"The first thing is for everyone to understand the implications of the removal of untouchability in his or her own life and, if the answer is that he or she has not only no objection to, but is desirous of seeing them entering public temples, using public places, such as schools, sarais, roads, hospitals, dispenaries and the like, in short, Harijins being put precisely on the same footing as themselves, religiously, socially, economically and politically, he or she has personally taken the full step but this is not all that the questioners want or all that should be satisfied with.

Having done so far, they want to know what more they can do in furtherance of the cause. Such inquirers need not extend their activities beyond their immediate neighbourhood. Let them canvass the opinion of those with whom they come in daily contact, and if the former are not convinced of the necessity of removal of untouchability they should. if they have critically studied the movement, endeavour to convince their neighbours or, if they are not competent, they should procure the necessary literature, supply them with it and put them in todoh with those full-time workers who are specially qualified for such propaganda work. \

If they find that their neighbourhood is not touched by the spirit of the movement and if they have any influence, they should arrange public lectures, demonstrations and invite speakers to such meetings. So much for the work amongst caste Hindus.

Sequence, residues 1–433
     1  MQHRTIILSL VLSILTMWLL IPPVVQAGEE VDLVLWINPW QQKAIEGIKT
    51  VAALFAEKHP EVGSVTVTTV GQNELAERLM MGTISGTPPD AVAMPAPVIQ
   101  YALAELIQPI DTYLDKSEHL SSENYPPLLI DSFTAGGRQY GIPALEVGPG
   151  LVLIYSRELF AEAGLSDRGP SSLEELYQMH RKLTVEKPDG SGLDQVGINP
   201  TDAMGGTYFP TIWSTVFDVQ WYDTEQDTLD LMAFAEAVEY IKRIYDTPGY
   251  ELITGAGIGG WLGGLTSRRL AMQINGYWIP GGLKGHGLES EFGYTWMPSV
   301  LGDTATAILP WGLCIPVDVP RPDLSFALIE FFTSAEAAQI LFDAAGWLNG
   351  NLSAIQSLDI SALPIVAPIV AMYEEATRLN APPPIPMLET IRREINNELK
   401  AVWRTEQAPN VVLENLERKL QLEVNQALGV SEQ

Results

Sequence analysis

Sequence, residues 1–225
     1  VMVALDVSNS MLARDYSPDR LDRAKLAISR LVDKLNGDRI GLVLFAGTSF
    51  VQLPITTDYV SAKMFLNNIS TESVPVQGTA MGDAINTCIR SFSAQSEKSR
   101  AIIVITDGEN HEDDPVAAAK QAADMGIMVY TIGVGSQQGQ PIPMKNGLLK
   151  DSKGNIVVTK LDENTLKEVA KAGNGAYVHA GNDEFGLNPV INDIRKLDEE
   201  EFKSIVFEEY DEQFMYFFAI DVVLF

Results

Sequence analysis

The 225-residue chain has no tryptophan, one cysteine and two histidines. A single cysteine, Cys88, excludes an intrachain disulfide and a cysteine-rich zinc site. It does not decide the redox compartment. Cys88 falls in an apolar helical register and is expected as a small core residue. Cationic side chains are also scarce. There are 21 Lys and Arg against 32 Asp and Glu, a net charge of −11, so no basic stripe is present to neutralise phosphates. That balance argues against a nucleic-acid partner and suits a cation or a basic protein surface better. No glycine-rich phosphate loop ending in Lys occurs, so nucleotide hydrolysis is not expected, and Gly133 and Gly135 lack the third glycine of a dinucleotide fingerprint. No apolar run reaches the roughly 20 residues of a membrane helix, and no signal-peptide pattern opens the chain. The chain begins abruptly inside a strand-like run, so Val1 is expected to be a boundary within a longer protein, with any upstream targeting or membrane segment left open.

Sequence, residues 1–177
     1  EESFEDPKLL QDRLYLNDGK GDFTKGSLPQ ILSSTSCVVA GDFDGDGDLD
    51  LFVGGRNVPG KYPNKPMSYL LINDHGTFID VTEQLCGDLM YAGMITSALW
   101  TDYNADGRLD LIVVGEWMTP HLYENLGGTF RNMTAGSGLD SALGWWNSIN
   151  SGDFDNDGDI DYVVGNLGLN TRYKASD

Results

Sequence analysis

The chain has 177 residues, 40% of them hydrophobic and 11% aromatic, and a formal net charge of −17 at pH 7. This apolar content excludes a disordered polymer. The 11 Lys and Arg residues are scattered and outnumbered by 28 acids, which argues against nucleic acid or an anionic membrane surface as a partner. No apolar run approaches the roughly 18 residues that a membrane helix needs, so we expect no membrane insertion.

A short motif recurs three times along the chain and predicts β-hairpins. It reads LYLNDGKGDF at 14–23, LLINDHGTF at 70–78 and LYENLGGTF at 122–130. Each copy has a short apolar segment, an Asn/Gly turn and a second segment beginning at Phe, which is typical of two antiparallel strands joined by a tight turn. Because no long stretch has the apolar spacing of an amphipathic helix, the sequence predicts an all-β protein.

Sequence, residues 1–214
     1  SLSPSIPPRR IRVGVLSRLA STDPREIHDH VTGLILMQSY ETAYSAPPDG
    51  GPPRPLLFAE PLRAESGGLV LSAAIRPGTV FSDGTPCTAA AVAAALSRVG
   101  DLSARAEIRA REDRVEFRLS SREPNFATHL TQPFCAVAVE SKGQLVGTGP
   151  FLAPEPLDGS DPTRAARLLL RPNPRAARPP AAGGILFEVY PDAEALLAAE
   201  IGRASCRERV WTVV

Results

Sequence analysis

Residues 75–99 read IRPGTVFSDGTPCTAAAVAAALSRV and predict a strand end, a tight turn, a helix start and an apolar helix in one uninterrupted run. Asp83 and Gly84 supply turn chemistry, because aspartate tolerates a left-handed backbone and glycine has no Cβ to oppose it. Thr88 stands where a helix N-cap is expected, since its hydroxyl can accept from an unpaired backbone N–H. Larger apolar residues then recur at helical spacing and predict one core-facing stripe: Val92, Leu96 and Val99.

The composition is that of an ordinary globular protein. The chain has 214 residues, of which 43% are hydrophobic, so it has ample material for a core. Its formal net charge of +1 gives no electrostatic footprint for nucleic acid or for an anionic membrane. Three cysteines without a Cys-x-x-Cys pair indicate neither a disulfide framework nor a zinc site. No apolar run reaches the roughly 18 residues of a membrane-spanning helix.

Caste Hindus' Duty

"But the real work that this large body of men and women can do is undoubtedly among the Harljans. Those caste Hindus who have studied my fifth statement, could not fail to have noticed that there is a vast amount of silent and effective service to be rendered by caste Hindus without much expenditure of time, energy or money.

Caste Hindus can effectively supplement the effort of Harijan Workers in inculcating habits of cleanliness and by procuring facilities for having easy access to the required water supply. They can public wells and tanks situated near Harijan quarters and canvass the opinion of caste Hindus who may be using such wells or tanks, pointing out to them that Harijans have a legal right to the use of all such public services and they can at the same time see to it and when the consent of caste Hindus has been secured for the use ny Harijans of these services, the latter use them in a manner not offensive to the former.